Wasted Wednesday's: Faith and Books

"What is life kept to ourselves? Careful words composed. It's a book upon the shelf, the story never told. Pages turn and then unfold to show us where we've been. As the signs along the road, to lead us home again." - Growing Pains, Deas Vail
Faith and books?  God and Jodie Picoult?  Jesus and Jane Austen? Has anyone ever thought about how important books are when it comes to learning and strengthening in faith?  It isn't a very prominent topic that seems to be blogged fact I've never seen anyone blog about this, but for the past few weeks I have come across this idea that there is a reason why I feel such a connection to my faith when I read books.

To start off this blog, I decided to make a ven diagram comparing faith and books (below).  In the diagram, I wrote down my thoughts as well as thoughts others might add.  I put question marks at certain points that I feel could be elaborated on but won't be elaborated on during this blog.

In Faith's section I have listed - the bible (where all guidance can be found as well as a connection with God), a way of life, Non-Fiction (referring to the bible), Church (something that goes along with faith but doesn't define one as a good Christian), Seriousness (we Christian's know how to make the Gospel fun while also focusing on it's serious message), God's word, and rules (religion has rules...but we aren't talking about religion now, are we?). For books I listed - literature (though the bible could be argued to be literature which I believe it is), school (since we read a lot of novels for English class), fun (not all people like to read), recreation, Fiction, written by regular people, and sin (yes, lots of novels consist of events that involve with sin but the same can also be said about the bible since the bible started with Adam and Eve).  As I look at this list I see that while on the surface these things seem different they are actually quite similar.  After all, books can be serious and the bible can be fun.  The bible can be read in (certain) schools just like literature.  And the holy bible contains many stories featuring sin just like in most novels.  The biggest difference I see here is God's word vs. written by regular people.  After all, how can the mere words we humans write compare to the words sent down by God?

Now, let's look at the similarities I wanted to talk about.  I made them straight and simple.  The first - LESSONS!  Boy do books teach us lessons (except Twilight...and no, neither does Fifty Shades of Grey!).  I truly believe with all of my heart that God uses us as tools to help spread love around the world and He often times uses random things to help us see not with our eyes but with faith in Him.  To back up this statement, I have chosen three of my favorite books to talk about and discuss how they have helped me on my journey in faith.  I have also come across a blog written by a man named Jefferson Bethke, who is one of my favorite poets, titled "Why cooking meals is just as Christian as praying".  In this blog, Jeff uses a very important verse from the bible.

“So, whether you eat or drink, or whatever you do, do all to the glory of God.” - 1st Corinthians 10:31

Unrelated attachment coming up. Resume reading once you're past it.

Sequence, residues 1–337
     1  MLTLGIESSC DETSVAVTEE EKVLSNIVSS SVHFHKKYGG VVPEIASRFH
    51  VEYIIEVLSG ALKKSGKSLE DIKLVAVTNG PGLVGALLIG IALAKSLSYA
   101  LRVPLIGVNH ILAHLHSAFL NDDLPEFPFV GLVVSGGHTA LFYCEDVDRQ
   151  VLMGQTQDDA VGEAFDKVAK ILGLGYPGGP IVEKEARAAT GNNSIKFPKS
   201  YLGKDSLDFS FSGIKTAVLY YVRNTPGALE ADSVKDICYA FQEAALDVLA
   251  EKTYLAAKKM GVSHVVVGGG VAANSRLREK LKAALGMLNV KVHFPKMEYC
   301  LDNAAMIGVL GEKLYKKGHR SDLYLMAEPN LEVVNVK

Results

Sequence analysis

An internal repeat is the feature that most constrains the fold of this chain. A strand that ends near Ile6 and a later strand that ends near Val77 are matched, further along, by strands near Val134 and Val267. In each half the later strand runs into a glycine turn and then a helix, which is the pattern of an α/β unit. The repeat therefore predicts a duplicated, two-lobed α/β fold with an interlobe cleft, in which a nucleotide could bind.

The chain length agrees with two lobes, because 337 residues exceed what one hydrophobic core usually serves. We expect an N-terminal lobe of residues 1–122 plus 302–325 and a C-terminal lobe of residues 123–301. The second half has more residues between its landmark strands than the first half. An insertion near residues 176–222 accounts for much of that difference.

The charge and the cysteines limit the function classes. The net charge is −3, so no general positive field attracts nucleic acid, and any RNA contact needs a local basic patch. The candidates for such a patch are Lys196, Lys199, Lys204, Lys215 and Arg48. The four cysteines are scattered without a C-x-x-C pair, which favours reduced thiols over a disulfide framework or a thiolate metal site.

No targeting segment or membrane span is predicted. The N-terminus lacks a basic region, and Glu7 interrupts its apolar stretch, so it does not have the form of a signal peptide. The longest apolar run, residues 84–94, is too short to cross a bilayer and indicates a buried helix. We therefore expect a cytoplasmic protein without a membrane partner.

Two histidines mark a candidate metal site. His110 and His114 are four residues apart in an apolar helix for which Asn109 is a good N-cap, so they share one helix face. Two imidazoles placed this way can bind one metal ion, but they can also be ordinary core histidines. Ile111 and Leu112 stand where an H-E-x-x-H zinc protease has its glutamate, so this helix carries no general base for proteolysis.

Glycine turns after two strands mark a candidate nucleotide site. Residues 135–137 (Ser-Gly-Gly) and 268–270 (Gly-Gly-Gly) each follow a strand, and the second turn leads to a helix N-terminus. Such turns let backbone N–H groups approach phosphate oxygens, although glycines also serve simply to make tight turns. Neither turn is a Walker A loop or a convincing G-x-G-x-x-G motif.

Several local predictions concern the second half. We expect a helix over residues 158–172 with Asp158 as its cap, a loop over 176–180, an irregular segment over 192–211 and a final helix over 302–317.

It says "all the glory"...not partial glory, all. God truly does work in mysterious ways and He most certainly works through books to reach people these days.  The problem is, people only read on the surface.  They read the words on the page but don't sit down and let them soak through their skins until the story feels like it truly happened to them.
I look for faith in every piece of literature I pick up.  It is a habit.  I always wonder what a character's spiritual background is and what their beliefs are in the present day story.  One of my favorite books, The Lovely Bones, holds many truths about faith.  I think the most important aspect that I learned was letting go.  In the story, Susie is raped and murderer by a neighbor and journey's to the in between, watching life go on without her in it.  By the end of the story, we see Susie finally letting go of life on earth and going to heaven where she is happier.  This can be compared to claiming Jesus as your savior and not your religion.  When we let go of all our earthly possessions and "needs" and accept Jesus as all that we need, we are happier just like Susie let go of life and found happiness in heaven.

In another one of my favorite books, My Sister lives on the Mantelpiece, the main character's sister is killed in a terrorist attack and his family falls apart because of it.  Jamie (the main character) soon meets a girl named Sunya who is Muslim just like the terrorists who killed his sister.  Jamie's father has always told him that Muslim's are evil but Sunya is quite the opposite and Jamie must make sense of the situation - that Sunya can't be blamed for his sister's death just because she is a Muslim.  This idea speaks many truths to Christians.  A lot of Christians shun people who are different, whether is be because of their skin color or because of stereotypes or because a couple had sex before marriage.  It's obvious that the church and religion has frightened people away while Jesus is waiting there with open arms.  After all, and I quote Jeff Bethke,
"[Church is] not a museum for good people, it's a hospital for the broken". 
While this quote doesn't qualify for all cases, it certainly helps put things into perspective.  We as Christians shouldn't shun people because they are different.  We should show people that we love and aren't full of hatred.  Just because someone shares different beliefs doesn't mean they are a bad person.